'Racing car for the road' can usually be dismissed as marketing BS but in the case of the Type R it actually feels a genuine boast. At Anglesey the aero could actually be felt stabilising the car on the fast sweepers; at Blyton the firmer brake pedal than the Megane means a racier style of screaming up to the turn before stomping on the brake with all your might feels entirely natural. You feel the back end go light and weave around a little when you do but the Civic remains less playful than the Megane and less adjustable on the limit. Corner entry isn't as precise either, the slight muddiness in the steering meaning you can't nail the clipping point quite as neatly as the Megane. It's more likely to be bounced off-line by mid-corner bumps too, proof once again of the quality of the Ohlins dampers in the Megane. And on exit you're more likely to feel the corrupting effect of the extra power through the wheel.
It's so goddamn fast though you'll accept these as trade-offs, the Civic's readiness to respond to an aggressive, attacking style no less astonishing with increased familiarity.
It's an agonising choice. For all the similarities in chassis hardware and spirit the Megane and Civic represent two opposing views of how to make a hot hatch go as quickly as possible. In that respect you can see it as a changing of the guard; as the Megane heads off for retirement it can be seen to be handing over its purist crown.
So we should be relieved. Because we're unlikely to ever see another mainstream hot hatch as driver-focused as the Megane, certainly if the Clio is an indication of Renaultsport's direction of travel. And the Honda picks up the baton.
As similar as they are different
The final decision will very much come down to your personal priorities; where the Megane makes few allowances for anything other than maximum attack the Civic is actually relatively refined when dialled back into standard mode, has five doors, a massive boot and a sense of practicality amusingly at odds with the bonkers looks. But it's also properly, properly mad and quick enough to embarrass far more exotic machinery. A Type R on track rubber would be a very interesting prospect indeed...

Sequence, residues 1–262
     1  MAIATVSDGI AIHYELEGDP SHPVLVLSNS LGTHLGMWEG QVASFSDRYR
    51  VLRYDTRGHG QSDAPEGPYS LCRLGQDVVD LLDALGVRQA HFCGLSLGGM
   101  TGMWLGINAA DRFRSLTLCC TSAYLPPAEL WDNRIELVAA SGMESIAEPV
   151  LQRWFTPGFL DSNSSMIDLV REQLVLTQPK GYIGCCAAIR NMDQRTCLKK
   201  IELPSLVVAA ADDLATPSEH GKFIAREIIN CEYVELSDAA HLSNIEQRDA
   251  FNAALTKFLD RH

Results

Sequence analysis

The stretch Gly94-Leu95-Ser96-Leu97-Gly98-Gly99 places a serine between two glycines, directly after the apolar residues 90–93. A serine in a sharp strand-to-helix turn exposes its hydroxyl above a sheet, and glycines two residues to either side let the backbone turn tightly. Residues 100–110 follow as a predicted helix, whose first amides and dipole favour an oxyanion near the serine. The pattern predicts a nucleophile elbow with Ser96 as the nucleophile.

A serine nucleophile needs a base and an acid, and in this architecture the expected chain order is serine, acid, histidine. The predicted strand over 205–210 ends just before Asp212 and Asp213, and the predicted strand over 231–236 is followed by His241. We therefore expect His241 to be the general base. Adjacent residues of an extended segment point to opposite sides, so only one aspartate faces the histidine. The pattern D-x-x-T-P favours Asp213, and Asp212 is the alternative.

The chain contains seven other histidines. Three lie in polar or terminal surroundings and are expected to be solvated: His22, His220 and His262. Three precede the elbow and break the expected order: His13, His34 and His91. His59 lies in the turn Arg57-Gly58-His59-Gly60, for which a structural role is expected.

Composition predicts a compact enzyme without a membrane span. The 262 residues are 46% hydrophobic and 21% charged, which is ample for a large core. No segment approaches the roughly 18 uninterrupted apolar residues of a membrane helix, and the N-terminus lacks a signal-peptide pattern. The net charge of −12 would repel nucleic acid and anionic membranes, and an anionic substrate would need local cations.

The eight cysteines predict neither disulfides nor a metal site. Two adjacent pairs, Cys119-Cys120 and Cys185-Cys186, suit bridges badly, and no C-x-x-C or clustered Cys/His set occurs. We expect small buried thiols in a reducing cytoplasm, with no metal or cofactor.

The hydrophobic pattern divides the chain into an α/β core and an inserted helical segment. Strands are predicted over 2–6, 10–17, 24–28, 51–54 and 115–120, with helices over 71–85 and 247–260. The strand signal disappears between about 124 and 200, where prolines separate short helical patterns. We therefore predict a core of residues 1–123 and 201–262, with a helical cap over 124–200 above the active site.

It comes to this. Are you in it for the firepower or the feedback? The Type R has the former to a giddying degree and never gets boring. For putting the Focus RS's crowd-pleasing antics under scrutiny, forcing VW to draft former 911 GT3 chassis engineers to build the GTI Clubsport S and putting the hot back into hot hatch it's a new-school hero. The one thing it doesn't do, and the Megane still trades on, is nuance. And for that ability to reward at a range of speeds, up to and including flat out, the 275 Cup-S still gets the nod, if only by the narrowest of margins. Slower, older car wins. Again.
MEGANE RENAULTSPORT 275 CUP-S
Engine: 1,998cc 4-cyl turbo
Transmission: 6-speed manual, front-wheel drive
Power (hp): 275@5,500rpm
Torque (lb ft): 265@3,000-5,000rpm
Top speed: 158mph
Weight: 1,394kg (EU, with driver)
MPG: 37.7mpg (NEDC combined)
Price: £23,935 (£32,555, comprising 19-inch Speedline STEEV with Bridgetone Potenza tyres £1,000; ID Flame Red paint £625; Recaro seats with Carbon Leather £1,300; R-Link multimedia and navigation £400; RS Monitor V2 £295; Ohlins Road&Track dampers £2,000; Akrapovic titanium exhaust £2,500 and Climate Pack £500)
HONDA CIVIC TYPE R
Engine: 1,996cc 4-cyl turbo
Transmission: 6-speed manual, front-wheel drive
Power (hp): 310@6,500rpm
Torque (lb ft): 295@2,500-4,500rpm
Top speed: 167mph
Weight: 1,467kg (Honda figure with a full tank and driver)
Price: £30,000 (£32,960 as tested for Type R GT at £32,295 plus £525 for Championship White paint; £140 for Elegance Floor Carpets)